Last week (20th-24th of February), I and 22 other students went to Berlin to gain an understanding of its historical and cultural contexts. Berlin is a city that has been through a lot so has an incredible amount of history behind it. On the trip, we went to places such as; The Berlin Wall and Museum, The Brendanberg Gate and the Bauhaus Archives – I will go into detail about each of them. The aim of this trip was to give the attendees a huge amount of information and ideas for our FMP projects and it certainly delivered as my mind was almost popping with all the new and amazing stuff I was learning from modern day culture in Berlin and its historical culture.
For the duration of the trip, we stayed at a hostel called Transit Loft which was located roughly 2 miles from the centre of Berlin. The local area had lots of lovely places to eat and had excellent tram links to the rest of the city.
After breakfast; which each day was at 8:30, we had a short tram ride to get to the Berlin Wall memorial. The first thing I thought when seeing the wall for the first time was ‘It doesn’t look too big, couldn’t people have just jumped over! ‘, as I hadn’t done much research into the wall. It was quite shocking for me to find out that constantly the wall was patrolled by guards with guns and people that had tried to get to the other had side had been shot died right where we were. It was fascinating to learn about the way that groups of people had managed to get over the wall. The Berlin Wall was constructed overnight on the 13th of August 1961 to stop people from West Berlin moving to East Berlin. With was done because in 1948 the Western powers introduced a new form of currency. The Soviet Union imposed that they put up a blockade. After the city was divided the West put up a wall.
After this, we had a short tram ride over to the most famous landmark in Berlin the Brandenberg Gate. This was something that you can’t go to Berlin and not go to as it has lots of history behind it. It was built from 1788 to 1791 by Prussian King Frederick William II and afterwards was a key entrance to the city. When the Berlin Wall was standing the Gate was closed and became a symbol of divided Germany.
In the afternoon, we went to the Holocaust Memorial which was an outstanding piece of architectural art by architect Peter Eisenman and engineer Buro Happold. The 4.7-acre site consisting of 2,711 concrete slabs arranged in a grid pattern on a sloping hill. The memorial cost approximately $25 million pounds to construct. When walking into the work you feel so small and uneasy about the situation you are in. In Eisenman’s project notes, he says the work is supposed to create and uneasy, confusing atmosphere. It didn’t dawn on me at the time but the work resembled the looks of a graveyard.
A place I didn’t know we were going to but found really interesting was ‘Check Point Charlie’. This was one of the best-known crossing points from West Berlin to East Berlin. At the checkpoint which is know surrounded by shops had a museum next to it. Here I learnt about how some people converted cars so they could transport people without being caught by making secret compartments in the vehicles.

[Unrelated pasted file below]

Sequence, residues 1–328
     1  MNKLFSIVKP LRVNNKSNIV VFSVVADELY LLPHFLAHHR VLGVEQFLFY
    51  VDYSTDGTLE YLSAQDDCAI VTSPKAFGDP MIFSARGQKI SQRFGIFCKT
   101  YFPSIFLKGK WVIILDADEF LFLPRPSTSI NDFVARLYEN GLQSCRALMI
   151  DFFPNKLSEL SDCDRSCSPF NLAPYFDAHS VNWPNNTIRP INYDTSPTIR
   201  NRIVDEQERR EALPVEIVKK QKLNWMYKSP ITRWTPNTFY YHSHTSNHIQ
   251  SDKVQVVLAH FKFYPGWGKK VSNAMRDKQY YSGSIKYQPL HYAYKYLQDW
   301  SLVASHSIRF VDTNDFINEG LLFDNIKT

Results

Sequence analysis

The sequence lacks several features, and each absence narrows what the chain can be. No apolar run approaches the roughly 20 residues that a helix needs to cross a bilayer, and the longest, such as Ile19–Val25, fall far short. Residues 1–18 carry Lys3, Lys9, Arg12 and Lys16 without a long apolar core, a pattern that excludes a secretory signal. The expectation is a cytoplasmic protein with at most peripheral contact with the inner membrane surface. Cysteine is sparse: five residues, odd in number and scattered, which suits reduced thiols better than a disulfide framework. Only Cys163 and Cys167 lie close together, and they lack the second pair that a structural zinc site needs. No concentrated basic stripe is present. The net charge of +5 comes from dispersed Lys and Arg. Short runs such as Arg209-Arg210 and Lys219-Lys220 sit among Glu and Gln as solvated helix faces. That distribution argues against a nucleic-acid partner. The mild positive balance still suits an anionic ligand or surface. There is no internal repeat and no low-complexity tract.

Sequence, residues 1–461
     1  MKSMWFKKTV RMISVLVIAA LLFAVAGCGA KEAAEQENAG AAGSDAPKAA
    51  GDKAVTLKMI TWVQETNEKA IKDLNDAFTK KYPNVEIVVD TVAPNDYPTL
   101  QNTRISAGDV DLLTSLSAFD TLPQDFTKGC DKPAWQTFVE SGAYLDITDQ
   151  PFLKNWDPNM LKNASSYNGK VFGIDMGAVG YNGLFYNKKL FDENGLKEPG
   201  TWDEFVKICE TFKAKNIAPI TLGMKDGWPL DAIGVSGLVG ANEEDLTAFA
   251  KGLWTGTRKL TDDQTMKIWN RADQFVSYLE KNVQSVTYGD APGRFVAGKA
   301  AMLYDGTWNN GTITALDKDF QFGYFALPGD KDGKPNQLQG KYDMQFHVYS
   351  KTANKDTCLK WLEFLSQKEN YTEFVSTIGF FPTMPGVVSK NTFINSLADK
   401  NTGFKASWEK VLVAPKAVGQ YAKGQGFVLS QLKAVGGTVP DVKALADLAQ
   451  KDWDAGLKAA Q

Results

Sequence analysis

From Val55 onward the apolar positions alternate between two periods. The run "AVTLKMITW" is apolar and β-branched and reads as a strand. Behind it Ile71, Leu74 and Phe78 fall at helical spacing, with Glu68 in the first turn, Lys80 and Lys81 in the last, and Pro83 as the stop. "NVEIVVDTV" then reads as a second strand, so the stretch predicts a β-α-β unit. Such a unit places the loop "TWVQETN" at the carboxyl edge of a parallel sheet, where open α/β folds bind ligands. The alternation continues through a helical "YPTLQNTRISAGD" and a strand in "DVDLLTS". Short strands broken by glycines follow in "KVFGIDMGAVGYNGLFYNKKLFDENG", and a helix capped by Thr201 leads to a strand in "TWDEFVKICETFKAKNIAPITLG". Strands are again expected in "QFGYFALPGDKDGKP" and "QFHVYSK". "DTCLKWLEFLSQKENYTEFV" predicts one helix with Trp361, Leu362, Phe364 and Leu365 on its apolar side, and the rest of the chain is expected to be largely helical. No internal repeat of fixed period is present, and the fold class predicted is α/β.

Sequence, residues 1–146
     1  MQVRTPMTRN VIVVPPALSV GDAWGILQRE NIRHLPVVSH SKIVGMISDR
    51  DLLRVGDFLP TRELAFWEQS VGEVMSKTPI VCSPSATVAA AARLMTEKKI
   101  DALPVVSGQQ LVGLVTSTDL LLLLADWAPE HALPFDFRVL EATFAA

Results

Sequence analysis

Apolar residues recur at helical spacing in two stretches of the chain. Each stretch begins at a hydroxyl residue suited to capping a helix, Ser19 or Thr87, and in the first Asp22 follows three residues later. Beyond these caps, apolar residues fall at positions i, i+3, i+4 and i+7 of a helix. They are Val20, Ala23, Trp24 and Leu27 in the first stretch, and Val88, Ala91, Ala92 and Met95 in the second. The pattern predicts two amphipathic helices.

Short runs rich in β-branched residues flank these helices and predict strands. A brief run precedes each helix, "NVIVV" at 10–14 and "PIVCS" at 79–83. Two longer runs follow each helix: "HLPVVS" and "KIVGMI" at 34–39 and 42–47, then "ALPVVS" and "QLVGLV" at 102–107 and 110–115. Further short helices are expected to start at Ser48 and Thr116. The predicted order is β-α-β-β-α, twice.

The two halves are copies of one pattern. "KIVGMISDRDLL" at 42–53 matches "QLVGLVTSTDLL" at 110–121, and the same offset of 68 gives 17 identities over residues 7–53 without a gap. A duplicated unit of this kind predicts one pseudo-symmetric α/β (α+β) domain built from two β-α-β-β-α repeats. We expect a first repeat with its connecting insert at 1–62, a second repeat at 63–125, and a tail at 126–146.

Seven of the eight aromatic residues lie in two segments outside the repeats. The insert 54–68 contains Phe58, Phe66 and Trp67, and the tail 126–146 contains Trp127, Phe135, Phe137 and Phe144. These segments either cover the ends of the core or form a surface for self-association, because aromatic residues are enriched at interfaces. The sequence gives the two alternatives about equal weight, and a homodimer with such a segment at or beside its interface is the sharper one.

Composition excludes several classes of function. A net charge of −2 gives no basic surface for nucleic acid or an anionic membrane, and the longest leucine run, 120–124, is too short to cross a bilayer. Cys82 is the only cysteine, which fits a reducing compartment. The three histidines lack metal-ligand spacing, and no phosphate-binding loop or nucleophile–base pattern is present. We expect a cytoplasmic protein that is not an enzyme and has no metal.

Finally, on day one we went to the Jewish museum. Most of the places we went to in Berlin you had to leave your rucksacks and cameras in locker rooms so didn’t take photos but I also wanted to take more away from the trip than a bunch of photographs. In the museum, I learnt about what it is to be a Jew, about social life and food. In the museum there are two huge installations which I made sure I experienced; these were The Garden Of Exile and The Holocaust Tower. These to places where a bit like the Holocaust memorial I saw in the morning as they were supposed to make you reflect on the horrific history ethnic groups each as Jews have had. The Holocaust Tower is a huge cold, damp, concrete hole in the ground with just a single hole in the ceiling for light to come through. Stood in the hole I felt so small and insignificant. The room had a small iron door which when opened, shut with a loud bang which I guess was supposed to add to the feeling of being trapped.
In the morning we went to one of the best museums I have been to (well group of museums). Museum Island is a group of five museums in Berlin which each contain work from different ethnic groups and from different historical periods. We only had 2 hours here so I had to pick which museums I wanted to see the most. We all firstly went in the Pergamonmuseum which had the Market Gate Of Miletus which was a Roman structure made from marble and was created in 2 century AD, the Ishtar Gate which was the eight inner gate of the city of Babylon and was made from glazed brick and hundreds of other amazing exhibits. Some friends and I then went to the Alte Nationalgalerie which had some amazing paintings which for the first time ever I really started to understand. We finally went to the Neues Museum (translating to new museum). Here we saw Egyptian and Prehistory and Early History collections which included the famous Bust Of Nefertiti.
After lunch, we went on an Alternative Berlin Tour which was one of the things I was most excited to do. Our tour guide was brilliant and he made the tour so fun with his humour. The only bad thing about the tour was that as we were in the centre of a city the traffic and trains were quite loud so I couldn’t hear everything he said about the street art. We started by looking at artist and groups tags. An example of this is graffiti artist Kripoe, who was part of the CBS crew (short for cowboys) which was active between 1995 and 2005. His signature yellow fists are a sign of rebellion….To Be Continued!!!!!
Overall my time in Berlin was so fun I can’t even describe it. I learnt so much and I now have got lots of ideas for things I could create for my FMP.